Part One

by Daniel M. Kimmel

The about-to-be-fired movie marketer needs a Hail Mary but finds Typhoid Mary. 1,503 words. Part Two. Illustration by John Donald Carlucci.

Sy Mishkin threw down The Hollywood Reporter in disgust. His name had appeared nowhere in the stories in the trades about how Excelsior Studios had just released the bomb of the year. Costing $150 million to produce, Teen Pirate had everything going for it: a hot young star, a script based on a best-selling television series, and cross-genre appeal as the modern-day pirate faces both zombies and vampires. The reviews on had been terrible — only 18% Fresh compared with 82% Rotten — but who cared? This was a project that should have been critic-proof. Instead, as the old Hollywood joke put it, audiences stayed away in droves.

Mishkan, at 45, was the Senior Vice President of Marketing for Excelsior and he had been through the mill many times. When a film was a success, it was because of the vision of the director or because the star could open a movie at number one at the box office. When it failed, the talent might take some of the blame, but usually they’d live to fight – or, at least, have stunt doubles or CGI special effects do it – another day. To keep the stockholders satisfied that the drop in price was only temporary, one or more of the suits would have to pay.

Often it was the head of the studio, who would fall on his or her sword for having greenlit a project that turned out to be a turkey. However the new CEO of Excelsior had just assumed his job and Teen Pirate had been the “passion project” of his predecessor. Since that guy already vacated his office, with his name removed from every piece of tangible property at the studio including his parking space, there was nothing more anybody could do to punish him. Indeed, his $20 million golden parachute had already cleared his bank account.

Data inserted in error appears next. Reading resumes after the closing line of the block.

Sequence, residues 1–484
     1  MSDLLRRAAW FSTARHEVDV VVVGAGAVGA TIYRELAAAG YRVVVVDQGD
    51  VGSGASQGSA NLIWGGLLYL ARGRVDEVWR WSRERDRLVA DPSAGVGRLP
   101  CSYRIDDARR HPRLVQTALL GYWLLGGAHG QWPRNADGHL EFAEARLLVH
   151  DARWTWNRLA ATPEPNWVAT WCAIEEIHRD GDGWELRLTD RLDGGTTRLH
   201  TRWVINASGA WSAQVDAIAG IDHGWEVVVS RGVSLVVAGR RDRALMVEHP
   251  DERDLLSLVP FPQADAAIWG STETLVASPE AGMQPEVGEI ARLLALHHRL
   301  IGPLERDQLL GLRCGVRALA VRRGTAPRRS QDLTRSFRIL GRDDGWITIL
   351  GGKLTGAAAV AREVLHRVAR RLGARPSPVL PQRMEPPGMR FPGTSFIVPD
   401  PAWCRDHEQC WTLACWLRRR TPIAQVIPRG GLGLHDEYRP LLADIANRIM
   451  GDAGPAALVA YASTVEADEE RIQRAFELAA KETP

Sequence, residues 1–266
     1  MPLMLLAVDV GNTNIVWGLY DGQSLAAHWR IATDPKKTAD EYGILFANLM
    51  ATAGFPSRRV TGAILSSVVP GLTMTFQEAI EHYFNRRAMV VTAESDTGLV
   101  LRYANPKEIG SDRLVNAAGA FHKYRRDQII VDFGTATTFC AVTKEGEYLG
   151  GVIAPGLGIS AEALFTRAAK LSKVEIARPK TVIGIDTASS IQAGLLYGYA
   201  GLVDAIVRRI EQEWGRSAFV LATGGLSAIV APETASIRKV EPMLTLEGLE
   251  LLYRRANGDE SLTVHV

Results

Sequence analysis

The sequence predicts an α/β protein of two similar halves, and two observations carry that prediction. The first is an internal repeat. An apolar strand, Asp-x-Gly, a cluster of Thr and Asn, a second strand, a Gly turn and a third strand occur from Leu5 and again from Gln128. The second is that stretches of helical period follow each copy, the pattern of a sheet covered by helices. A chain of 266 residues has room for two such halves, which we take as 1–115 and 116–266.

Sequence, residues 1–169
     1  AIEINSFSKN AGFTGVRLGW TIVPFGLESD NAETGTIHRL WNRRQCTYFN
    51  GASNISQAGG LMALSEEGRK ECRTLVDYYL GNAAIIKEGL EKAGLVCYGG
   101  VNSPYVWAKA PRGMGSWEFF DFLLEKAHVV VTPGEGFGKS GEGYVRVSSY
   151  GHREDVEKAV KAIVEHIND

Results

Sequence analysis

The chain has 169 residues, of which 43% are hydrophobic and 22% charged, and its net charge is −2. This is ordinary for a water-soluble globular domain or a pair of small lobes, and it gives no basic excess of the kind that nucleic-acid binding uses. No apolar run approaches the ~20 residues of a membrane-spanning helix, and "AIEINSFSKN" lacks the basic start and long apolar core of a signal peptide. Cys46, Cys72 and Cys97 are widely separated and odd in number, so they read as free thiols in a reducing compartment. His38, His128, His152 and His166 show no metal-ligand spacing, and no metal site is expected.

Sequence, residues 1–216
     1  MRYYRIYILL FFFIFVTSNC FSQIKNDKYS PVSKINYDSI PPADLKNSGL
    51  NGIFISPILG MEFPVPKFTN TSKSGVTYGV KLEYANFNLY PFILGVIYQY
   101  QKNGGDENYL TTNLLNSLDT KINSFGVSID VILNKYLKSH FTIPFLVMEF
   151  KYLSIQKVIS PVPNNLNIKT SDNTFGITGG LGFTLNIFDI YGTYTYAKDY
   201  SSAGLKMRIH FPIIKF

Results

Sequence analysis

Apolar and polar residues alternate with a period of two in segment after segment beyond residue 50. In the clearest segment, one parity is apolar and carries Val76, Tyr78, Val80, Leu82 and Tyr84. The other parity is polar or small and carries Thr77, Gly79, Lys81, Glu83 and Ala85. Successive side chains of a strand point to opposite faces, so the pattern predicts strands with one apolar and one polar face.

So Mishkin feared the blame would fall on himself for failing to come up with a brilliant marketing campaign that should have made Teen Pirate the must-see movie of the year or, at the very least, last weekend. The way Mishkin saw it, he had only two options. He could start clearing out his office and letting people know that the debacle was due to the underlings he had inherited. Or he could come up with such a brilliant campaign for the the next release so he would be deemed the hero who had pulled the studio back from the brink.

Sitting in his third office in ten years, he decided he liked going to a job where he no longer had to program his GPS to find a route to work. He was going to stay.

It was to that end that Mishkin agreed to take a meeting with Double Helix Associates. They were a research firm out of New England that sought to pitch a revolutionary new way of promoting movies. Ordinarily, he wouldn’t have given them the time of day or, at most, shunted them off to an assistant. But if they actually had the goods, it was something he needed to get his fingerprints all over.

An online search of the company turned up little. Their website didn’t provide much except contact information. This was hardly a promising start for a company professing to be on the cutting edge of marketing.

Mishkin glanced down at the headline in THR: “Will Excelsior Go Down with Teen Pirate Ship?” and knew he had no choice. He picked up his phone and buzzed the outer office.

“Stefan? Will you show in my 10 o’clock?”

The door opened and his assistant ushered in the two visitors from Double Helix. The woman was strikingly attractive with long reddish brown hair. Mishkin had always had a thing for gingers, but he noted – twith approval – that she was dressed strictly for business. She reached out her hand. As Mishkin rose to greet his guests, she took his hand in both of hers and shook it firmly.

“I’m Linda Balsamo, president of Double Helix. Allow me to introduce Dr. Burton Hollister, our head of research.”

Mishkin turned to shake hands with Hollister, a gray-haired man of inderterminate age who was clearly the oldest in the room. But the scientist had already moved to take a seat at the far side of Mishkin’s desk. Instead, Mishkin turned his attention almost exclusively to the woman who was favoring him with the warm smile.

“Ms. Balsamo…,” Mishkin began.

“Please, call me Linda.”

“And I’m Sy.” He looked at Hollister, who said nothing.

“Don’t mind him,” Linda reassured. “He’s here to answer any technical questions that might come up. Burt isn’t usually part of our outreach.”